Kocher and Jagst have rarely been so flat: “The water levels in Kocher (currently 38 cm) and Jagst (28 cm) are currently below the lowest water level in an average year, Sasha Springer of the Hohenloh County Office said in a request. Hohenlohe newspaper with.
In addition, at the moment it is not expected to ease the low water situation, which has lasted for several weeks – it will have to rain more and more for a longer time. Even this will only serve to resist heat and drought for a short and temporary period. “In addition to restricting water withdrawals, it is fundamentally important to protect water bodies as much as possible from pollutant inputs and maintain them in an environmentally good condition or achieve this through appropriate measures – eg structural improvement –.”
According to Jürgen Maurer, president of the Schwäbisch Hall-Hohenloh-Rims Farmers’ Association, one possible solution could be more green roofs and trench systems: these systems can collect and store large amounts of water – for example during heavy rains. This will be necessary: if it rains heavily over a short period of time, the water simply seeps through the dry soil or evaporates directly when it is hot.
Will restricted water withdrawals be extended?
In addition to the lack of rainfall, another factor has been aggravating farmers since the end of July: they are only allowed to use limited water from rivers and lakes for irrigation. And only between 6 pm and 6 am the next day. This regulation is valid in Hohenlohe until August 31, in Heilbronn until September 30.
It is not yet clear whether the temporary withdrawal of water will extend beyond that. “It remains to be seen how the precipitation situation will develop over the next few days,” the Hohenlohe County Office said. Unless weather conditions change, “the extension of the general decree is inevitable.” Instead of pouring water from the cooker and jagst, the district office asks that other sources be used instead. But what should be open.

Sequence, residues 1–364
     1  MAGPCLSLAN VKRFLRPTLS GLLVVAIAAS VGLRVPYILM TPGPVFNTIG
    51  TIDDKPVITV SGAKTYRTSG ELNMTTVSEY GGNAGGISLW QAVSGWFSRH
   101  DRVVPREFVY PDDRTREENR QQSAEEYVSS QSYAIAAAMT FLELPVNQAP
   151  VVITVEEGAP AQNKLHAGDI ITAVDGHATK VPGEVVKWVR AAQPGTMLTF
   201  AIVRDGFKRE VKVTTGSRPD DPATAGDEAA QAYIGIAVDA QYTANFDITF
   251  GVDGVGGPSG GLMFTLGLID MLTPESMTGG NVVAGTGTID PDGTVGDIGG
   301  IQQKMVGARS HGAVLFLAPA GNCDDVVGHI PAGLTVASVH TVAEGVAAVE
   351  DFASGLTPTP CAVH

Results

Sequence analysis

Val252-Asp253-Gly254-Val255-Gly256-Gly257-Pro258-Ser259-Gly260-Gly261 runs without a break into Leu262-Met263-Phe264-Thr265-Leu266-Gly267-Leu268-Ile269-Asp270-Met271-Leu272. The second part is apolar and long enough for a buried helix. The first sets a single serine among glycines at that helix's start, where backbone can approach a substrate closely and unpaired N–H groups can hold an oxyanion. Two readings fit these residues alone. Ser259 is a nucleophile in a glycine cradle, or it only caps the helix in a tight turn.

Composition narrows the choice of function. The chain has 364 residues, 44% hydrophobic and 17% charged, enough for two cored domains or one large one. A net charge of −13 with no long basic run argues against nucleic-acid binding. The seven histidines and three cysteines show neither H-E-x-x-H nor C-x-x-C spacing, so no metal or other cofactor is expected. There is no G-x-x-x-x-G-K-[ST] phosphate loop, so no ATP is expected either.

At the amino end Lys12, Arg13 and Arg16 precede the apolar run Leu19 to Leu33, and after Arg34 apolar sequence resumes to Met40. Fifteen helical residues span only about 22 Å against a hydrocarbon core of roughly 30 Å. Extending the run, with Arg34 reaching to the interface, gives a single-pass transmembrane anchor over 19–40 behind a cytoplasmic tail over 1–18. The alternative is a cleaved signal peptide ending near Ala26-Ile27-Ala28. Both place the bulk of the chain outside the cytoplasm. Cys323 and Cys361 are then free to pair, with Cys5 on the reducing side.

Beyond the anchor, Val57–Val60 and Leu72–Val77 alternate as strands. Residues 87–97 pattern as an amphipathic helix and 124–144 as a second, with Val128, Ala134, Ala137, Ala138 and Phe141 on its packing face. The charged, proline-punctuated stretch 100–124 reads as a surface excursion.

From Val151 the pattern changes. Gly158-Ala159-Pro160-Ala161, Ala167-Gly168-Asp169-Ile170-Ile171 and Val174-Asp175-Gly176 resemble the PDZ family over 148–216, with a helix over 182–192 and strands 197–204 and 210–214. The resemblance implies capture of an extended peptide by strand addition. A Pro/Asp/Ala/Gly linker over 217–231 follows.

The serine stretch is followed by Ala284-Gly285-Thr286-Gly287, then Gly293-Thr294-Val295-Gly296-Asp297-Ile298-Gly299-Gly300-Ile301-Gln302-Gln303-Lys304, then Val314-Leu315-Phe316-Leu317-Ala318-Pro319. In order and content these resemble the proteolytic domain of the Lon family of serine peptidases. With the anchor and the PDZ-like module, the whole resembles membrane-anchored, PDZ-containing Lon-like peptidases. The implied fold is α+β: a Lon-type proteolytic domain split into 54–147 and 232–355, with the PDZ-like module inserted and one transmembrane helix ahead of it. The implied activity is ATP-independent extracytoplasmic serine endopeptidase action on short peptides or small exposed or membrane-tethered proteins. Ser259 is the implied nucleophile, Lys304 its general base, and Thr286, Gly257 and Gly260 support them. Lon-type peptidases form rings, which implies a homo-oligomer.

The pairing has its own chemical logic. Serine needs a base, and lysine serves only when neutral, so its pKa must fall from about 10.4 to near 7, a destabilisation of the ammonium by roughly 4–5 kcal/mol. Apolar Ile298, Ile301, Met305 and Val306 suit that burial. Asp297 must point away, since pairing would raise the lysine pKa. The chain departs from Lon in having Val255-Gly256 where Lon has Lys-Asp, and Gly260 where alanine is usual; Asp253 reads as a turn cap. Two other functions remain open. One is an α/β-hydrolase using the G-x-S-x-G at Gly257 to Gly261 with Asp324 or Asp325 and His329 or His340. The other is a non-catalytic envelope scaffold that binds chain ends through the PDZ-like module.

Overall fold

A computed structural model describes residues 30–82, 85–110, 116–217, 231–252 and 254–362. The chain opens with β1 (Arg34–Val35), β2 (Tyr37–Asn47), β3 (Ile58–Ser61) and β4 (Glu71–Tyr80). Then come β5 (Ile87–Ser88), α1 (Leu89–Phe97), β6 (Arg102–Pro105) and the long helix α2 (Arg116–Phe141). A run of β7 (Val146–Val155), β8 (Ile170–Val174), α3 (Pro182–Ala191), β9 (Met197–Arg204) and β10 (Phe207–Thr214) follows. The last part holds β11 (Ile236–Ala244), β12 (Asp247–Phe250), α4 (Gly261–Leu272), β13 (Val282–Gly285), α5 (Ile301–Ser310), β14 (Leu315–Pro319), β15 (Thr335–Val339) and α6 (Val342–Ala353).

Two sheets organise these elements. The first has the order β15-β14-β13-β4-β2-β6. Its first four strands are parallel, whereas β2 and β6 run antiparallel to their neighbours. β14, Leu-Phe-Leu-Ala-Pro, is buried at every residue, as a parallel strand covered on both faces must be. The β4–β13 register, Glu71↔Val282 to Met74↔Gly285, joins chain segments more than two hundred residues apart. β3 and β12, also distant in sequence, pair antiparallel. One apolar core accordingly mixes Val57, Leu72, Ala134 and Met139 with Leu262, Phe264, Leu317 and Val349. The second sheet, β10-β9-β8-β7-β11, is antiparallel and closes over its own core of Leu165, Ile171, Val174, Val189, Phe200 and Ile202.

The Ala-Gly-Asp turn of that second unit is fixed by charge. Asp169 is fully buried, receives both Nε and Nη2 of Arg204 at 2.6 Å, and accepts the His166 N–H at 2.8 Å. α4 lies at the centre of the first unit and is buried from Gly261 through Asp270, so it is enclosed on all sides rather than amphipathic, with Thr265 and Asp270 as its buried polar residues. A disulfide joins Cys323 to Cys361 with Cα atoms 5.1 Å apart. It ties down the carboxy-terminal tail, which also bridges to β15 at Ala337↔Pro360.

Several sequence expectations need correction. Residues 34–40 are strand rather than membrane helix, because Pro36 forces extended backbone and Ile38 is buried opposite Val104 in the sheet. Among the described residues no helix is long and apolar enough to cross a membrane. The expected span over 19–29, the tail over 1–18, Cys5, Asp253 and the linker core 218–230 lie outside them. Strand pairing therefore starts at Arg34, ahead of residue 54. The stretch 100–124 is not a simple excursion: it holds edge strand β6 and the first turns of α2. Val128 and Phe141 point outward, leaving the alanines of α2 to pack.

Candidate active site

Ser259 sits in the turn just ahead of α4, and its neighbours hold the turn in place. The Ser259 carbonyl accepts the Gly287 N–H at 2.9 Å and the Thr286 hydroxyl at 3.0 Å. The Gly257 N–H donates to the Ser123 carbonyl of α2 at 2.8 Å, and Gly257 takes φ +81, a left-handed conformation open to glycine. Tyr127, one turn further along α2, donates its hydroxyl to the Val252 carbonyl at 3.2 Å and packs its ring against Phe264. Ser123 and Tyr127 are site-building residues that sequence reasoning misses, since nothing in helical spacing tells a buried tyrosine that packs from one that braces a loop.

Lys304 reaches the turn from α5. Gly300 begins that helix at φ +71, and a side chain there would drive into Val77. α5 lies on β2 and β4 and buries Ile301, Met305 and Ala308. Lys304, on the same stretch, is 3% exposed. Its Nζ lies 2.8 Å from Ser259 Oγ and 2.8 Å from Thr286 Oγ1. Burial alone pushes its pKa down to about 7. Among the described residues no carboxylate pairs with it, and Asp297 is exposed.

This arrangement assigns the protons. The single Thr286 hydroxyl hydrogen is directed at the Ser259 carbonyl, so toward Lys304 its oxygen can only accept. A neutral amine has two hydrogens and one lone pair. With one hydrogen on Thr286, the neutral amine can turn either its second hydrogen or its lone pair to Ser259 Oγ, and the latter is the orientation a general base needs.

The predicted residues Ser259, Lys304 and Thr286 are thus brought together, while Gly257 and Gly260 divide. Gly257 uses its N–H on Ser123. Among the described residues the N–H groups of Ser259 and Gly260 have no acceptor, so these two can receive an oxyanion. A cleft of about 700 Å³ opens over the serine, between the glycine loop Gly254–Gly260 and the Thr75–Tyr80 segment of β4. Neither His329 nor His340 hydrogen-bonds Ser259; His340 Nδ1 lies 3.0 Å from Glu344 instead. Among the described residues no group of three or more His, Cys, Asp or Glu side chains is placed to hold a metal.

Farmers sound the alarm
Jürgen Maurer, of the Farmers’ Association, sounds the alarm: “We can’t irrigate at the moment. We need a lot of water: millions of cubic metres.” It’s only raining quite a bit. “We need slow precipitation over three to ten days at best,” Maurer explains. “And then 50 to 100 liters per square meter would be optimal.” Only then will the soil become soft and receptive. And only then can he store water.
He describes the consequences of the lack of irrigation dramatically: “Since we are currently unable to irrigate the Hohenlohe Plain, our valuable fruits will dry up or not be marketable.” Fruit is only marketable if accepted by food retailers – that is, if it is visually flawless. If not, Maurer Black sees: “Then we are not competitors, and the goods are imported from abroad.”
Fish and bats suffer in particular
But not only local farmers are suffering. Of course, heat and low water levels affect fish especially: water that is too warm contains little oxygen and often poisonous algae form. “If nothing changes, trout, pike and eels will disappear from our streams and lakes,” warns Daniel Peterhansel, a Krautheim beaver consultant. Other animals also have to adapt their behavior: “Forest animals, which usually visit water sources only at dusk, make their way to remaining water points during the day,” says Peterhansel. The reason: The streams and ponds that these animals usually visit during the day have dried up.
The expert also says: “It can be seen that bats die from heat death under the surfaces. They can cool themselves for a while by fanning their wings, but even this is only possible to a limited extent.” Since many animals cannot sweat, they have often found other solutions to lower their body temperature. The naturalist reports, for example, that wild boars cool in mud puddles, or deer and rabbits hide in the shady forest during the day.
Concrete help for animals
How can individuals support organisms suffering from heat? Daniel Peterhansel recommends setting up bird baths and placing water bowls with stones and branches for insects and small animals in the garden or on the balcony. Garden ponds can also help, of course. And even if it’s tough in the heat: “Natural tourism should be avoided in the evening hours at streams and lakes, because when people are there, wild animals don’t dare go there to drink.” Of course, the beaver advisor also has a tip when it comes to beavers: carry and protect the species. This is because beavers regulate the groundwater level through dam building activities.